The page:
In 1921, a small delegation of Indians reached Moscow from Berlin. The team consisted of Bengali and Marathi émigrés who had earlier been nationalist conspirators or “terrorists” who had regrouped in Berlin, but were now eager to participate in the Third Congress of the Communist International.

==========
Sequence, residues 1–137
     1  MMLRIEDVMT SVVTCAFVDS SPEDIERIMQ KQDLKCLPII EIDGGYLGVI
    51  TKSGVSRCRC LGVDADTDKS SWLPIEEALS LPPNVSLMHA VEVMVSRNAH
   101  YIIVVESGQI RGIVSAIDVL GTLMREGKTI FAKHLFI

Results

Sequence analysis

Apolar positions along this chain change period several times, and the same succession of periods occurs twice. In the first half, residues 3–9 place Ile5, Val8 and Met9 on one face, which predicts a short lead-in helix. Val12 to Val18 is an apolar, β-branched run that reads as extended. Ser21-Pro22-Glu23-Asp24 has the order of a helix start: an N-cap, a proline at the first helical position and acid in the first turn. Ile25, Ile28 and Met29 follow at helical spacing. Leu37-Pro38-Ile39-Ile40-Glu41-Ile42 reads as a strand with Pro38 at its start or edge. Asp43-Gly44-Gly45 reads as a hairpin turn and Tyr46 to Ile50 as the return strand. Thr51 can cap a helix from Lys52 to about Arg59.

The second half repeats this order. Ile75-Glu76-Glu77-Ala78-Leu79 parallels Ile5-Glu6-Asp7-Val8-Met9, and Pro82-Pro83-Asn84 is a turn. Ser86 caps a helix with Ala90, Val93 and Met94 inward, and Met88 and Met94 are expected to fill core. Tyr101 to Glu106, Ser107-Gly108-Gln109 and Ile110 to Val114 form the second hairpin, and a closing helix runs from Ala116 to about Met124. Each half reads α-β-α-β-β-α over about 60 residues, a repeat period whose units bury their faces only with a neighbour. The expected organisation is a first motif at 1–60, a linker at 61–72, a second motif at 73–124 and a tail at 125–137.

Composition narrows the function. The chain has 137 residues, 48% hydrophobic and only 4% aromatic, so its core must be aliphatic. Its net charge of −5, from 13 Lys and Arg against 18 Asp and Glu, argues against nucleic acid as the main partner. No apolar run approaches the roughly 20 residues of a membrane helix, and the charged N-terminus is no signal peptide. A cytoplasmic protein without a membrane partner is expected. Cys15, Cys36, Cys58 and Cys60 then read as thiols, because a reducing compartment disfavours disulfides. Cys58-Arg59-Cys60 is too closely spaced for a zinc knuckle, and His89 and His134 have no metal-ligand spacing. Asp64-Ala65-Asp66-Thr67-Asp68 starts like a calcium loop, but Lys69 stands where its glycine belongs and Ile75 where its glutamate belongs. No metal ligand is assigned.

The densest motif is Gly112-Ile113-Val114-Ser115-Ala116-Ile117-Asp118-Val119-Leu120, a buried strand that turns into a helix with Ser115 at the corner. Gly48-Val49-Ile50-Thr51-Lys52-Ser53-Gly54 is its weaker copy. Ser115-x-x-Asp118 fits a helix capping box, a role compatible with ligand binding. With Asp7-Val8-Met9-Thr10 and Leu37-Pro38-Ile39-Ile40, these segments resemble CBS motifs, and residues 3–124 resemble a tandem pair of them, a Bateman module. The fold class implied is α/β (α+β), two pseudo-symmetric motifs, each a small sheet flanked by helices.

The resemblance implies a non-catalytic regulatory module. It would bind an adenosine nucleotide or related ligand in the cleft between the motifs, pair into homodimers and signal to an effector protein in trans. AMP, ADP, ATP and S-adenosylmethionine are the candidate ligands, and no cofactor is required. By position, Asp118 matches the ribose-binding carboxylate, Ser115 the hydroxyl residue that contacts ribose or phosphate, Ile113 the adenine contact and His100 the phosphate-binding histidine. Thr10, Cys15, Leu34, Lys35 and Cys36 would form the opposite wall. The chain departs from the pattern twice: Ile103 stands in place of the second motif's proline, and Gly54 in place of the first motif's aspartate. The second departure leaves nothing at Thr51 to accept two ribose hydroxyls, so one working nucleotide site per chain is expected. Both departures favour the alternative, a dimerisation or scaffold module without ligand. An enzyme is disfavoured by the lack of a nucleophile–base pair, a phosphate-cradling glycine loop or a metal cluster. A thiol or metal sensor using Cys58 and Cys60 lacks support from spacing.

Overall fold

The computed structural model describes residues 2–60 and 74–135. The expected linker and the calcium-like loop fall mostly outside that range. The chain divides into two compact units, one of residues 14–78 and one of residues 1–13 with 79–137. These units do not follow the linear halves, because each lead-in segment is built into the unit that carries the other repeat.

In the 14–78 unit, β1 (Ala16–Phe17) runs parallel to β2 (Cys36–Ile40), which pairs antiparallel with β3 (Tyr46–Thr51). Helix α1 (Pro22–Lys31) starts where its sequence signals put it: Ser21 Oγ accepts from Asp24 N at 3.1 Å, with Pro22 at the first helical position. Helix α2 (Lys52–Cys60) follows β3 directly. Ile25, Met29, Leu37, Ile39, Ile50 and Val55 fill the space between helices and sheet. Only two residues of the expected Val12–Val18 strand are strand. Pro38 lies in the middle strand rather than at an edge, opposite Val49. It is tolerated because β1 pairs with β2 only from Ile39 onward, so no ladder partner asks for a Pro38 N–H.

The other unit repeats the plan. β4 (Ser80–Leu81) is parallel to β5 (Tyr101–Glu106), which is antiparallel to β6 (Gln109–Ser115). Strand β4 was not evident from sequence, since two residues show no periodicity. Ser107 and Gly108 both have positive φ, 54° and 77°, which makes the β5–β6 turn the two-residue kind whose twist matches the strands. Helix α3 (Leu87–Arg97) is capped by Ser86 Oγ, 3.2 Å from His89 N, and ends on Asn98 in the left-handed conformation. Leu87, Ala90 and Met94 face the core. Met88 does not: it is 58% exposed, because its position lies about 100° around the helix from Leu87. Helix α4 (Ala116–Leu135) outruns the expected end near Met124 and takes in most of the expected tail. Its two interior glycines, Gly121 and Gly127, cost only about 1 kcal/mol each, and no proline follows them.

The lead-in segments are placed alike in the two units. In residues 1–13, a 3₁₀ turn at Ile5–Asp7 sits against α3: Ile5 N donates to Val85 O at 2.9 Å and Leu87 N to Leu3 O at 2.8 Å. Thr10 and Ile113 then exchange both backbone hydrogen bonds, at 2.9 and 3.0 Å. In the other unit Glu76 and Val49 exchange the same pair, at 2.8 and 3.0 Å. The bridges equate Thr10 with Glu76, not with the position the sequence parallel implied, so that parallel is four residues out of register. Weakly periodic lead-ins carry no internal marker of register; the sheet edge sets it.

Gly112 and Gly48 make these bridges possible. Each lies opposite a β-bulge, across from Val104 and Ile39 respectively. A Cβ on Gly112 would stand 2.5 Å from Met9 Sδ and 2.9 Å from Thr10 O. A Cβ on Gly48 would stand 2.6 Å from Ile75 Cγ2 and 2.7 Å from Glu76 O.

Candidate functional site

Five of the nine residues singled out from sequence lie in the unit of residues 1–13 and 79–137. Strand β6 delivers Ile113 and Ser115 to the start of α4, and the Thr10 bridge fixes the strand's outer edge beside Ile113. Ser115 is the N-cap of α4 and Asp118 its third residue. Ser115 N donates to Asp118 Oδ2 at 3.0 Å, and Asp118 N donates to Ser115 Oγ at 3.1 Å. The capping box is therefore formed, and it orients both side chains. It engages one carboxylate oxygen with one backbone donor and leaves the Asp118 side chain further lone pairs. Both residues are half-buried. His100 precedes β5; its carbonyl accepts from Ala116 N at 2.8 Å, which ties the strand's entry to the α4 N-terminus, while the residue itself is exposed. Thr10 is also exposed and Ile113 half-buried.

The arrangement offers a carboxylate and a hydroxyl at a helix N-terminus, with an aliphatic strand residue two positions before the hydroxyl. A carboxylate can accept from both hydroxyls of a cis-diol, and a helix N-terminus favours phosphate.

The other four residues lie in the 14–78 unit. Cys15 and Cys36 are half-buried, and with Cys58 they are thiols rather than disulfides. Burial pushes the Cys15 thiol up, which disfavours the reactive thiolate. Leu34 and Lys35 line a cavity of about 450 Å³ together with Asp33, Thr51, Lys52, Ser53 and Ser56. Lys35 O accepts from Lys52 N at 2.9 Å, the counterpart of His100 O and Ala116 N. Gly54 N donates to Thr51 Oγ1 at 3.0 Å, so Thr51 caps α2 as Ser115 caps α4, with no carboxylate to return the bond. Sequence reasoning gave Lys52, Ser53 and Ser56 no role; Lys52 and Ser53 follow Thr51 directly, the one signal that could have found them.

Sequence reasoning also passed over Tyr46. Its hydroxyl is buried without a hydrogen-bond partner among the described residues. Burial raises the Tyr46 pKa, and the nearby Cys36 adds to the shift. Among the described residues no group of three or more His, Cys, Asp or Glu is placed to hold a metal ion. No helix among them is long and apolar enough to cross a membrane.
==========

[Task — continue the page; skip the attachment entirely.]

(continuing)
According to received wisdom, Bangla language was just fine until the fateful emergence of Fort William College. The pundits and the Sahibs of this college on the eastern bank of Hooghly River fiercely mauled, mutilated, and marred our mother tongue beyond recognition. Word had been married to thought and the literate had been immersed in the popular until this event drew an iron curtain of alienation.